Commissioners cruise on speed limits, signs
A concern about highway sign postage arose last week at the Harrison County Commissioners meeting.
Kevin Russel, county engineer, presented the commissioners Sept. 17 with a speed limit ordinance for their consideration. The change would potentially affect Clover Valley Road and Walk Drive. The maximum speed limit between S.R. 64 to S.R. 337 on Clover Valley Road would be 40 mph, and the speed limit on Walk Drive, between S.R. 64 and Nadorff Road, to 30 mph.
Commissioner Terry Miller wanted to make sure the signs would be put in the correct places.
‘There needs to be a set policy, designate where signs go and what signs will go there,’ said Miller.
He said there are a few areas where signs present a hazard to the driver and a possible lawsuit to the county. His main concern was the posting of speed limit signs in close proximity to sharp curves.
‘A manual is supposed to be used, and it has not been used appropriately,’ Russel said. ‘I’d like for the people who are responsible to be able to do it.’
Commissioner J.R. Eckart expressed the need for Russel to have the power to train those people in putting up the signs.
‘Someone is going to have to take care of this,’ Miller said. ‘It’s serious business.’
Russel replied, ‘I don’t want to be held accountable for someone I’m not in control over.’
The commissioners agreed on the speed limit ordinance, and Russel will get more information on the signage concerns.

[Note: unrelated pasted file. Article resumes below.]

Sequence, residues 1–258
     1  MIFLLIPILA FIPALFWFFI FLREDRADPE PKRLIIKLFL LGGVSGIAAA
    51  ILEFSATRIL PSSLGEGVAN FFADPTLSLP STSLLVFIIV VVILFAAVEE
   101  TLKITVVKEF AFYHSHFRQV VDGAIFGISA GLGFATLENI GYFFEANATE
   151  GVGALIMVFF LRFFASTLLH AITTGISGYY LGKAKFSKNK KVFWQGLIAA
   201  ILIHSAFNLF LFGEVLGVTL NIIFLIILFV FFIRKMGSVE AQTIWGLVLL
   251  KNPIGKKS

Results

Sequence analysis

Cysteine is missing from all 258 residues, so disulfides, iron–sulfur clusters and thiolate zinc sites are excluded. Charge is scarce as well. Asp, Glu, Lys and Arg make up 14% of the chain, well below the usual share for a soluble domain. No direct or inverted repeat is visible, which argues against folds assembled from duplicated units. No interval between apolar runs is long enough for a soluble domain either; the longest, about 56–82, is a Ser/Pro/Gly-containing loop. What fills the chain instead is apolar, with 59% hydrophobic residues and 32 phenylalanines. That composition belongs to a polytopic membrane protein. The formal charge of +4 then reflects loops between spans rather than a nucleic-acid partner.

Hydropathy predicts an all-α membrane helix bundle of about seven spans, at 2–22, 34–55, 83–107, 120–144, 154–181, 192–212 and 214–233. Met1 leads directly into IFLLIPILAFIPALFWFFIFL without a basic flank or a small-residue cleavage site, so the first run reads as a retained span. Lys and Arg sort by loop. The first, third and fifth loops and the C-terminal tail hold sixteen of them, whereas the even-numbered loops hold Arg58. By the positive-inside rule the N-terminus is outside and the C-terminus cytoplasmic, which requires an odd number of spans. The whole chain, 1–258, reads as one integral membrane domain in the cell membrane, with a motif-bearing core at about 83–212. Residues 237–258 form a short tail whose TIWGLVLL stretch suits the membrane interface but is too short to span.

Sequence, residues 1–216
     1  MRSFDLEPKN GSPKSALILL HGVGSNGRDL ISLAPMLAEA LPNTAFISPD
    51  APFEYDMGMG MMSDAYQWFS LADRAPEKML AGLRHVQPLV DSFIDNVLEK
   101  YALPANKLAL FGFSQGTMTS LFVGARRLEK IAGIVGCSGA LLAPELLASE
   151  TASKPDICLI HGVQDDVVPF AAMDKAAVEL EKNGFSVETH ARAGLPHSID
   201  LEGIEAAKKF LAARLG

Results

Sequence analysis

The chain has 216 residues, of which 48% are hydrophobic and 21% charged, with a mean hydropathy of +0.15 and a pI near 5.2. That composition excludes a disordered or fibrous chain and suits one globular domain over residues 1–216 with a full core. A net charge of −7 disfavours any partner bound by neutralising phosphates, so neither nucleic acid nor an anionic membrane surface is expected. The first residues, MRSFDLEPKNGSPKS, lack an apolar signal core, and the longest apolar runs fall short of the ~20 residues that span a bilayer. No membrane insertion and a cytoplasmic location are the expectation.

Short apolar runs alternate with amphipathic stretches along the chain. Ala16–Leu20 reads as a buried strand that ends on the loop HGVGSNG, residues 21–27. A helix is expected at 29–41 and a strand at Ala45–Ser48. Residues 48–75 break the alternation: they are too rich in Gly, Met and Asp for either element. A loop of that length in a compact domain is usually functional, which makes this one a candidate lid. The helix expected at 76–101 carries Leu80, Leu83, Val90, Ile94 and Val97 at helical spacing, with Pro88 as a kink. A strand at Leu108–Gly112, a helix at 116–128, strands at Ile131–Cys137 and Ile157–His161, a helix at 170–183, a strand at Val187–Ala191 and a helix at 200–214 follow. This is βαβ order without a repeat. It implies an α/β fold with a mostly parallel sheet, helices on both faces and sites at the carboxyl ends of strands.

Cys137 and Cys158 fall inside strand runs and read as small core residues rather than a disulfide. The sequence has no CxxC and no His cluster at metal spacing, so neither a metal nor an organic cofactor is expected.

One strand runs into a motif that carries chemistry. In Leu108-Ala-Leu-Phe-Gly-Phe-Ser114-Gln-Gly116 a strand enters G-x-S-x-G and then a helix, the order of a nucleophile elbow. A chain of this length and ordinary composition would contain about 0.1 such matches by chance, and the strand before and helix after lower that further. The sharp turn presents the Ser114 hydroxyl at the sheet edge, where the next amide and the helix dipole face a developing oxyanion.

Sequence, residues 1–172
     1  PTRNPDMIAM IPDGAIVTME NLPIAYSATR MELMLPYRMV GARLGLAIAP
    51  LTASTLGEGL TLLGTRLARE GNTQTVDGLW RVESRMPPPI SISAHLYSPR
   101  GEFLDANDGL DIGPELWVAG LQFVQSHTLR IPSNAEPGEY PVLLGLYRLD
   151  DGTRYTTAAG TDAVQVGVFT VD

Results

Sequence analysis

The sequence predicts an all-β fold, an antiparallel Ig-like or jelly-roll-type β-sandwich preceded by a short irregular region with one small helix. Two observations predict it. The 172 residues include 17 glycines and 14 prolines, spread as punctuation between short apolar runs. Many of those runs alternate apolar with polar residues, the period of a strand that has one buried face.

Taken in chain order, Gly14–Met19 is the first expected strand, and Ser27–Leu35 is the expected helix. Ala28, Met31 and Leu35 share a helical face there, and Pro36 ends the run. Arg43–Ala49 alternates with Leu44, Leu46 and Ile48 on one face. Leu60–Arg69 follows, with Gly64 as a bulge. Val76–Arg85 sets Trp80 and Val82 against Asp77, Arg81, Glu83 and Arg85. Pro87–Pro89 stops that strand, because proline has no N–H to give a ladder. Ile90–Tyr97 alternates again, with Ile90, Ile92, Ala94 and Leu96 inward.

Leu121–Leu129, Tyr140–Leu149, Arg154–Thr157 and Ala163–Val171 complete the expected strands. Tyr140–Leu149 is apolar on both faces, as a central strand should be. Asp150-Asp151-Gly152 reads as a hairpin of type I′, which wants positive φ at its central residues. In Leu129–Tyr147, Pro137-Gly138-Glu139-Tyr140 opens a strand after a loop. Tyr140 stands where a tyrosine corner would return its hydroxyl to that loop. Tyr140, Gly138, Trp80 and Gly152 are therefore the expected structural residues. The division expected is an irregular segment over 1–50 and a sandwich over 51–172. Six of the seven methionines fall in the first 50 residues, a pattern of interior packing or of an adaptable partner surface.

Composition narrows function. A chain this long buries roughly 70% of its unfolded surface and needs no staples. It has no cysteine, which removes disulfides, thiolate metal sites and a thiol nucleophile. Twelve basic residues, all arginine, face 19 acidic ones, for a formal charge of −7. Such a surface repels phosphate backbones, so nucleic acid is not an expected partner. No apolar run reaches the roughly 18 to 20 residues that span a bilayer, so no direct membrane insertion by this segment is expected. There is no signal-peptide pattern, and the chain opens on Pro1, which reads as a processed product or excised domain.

The commissioners also changed the intersection at St. John’s Church Road and Hess Jawtak Road from a one-way stop to a three-way stop. Russel explained that visibility to the north is blocked by a bank along St. John’s Church Road and is also hampered by a sag vertical curve to the north of the intersection.
‘It’s a really bad spot,’ said Russel.
In other county matters Sept. 17, Doug Dodge, assistant principal at North Harrison High School and a member of the Harrison County Alternative School board, presented the alternative school’s budget to the commissioners.
‘We’ve had an outstanding year,’ said Dodge, adding how the program was started from the ground up and is now used as an example across the country. ‘We’ve grown leaps and bounds,’ he said.
Students are sent to the Alternative School instead of being suspended or expelled, thus allowing them to remain in school and on track for graduation. Before the Alternative School was implemented in Harrison County, students were sent to juvenile facilities located throughout the state.
‘I don’t know how much money has been saved, but it has significantly reduced cost,’ said Harrison County Auditor Pat Wolfe.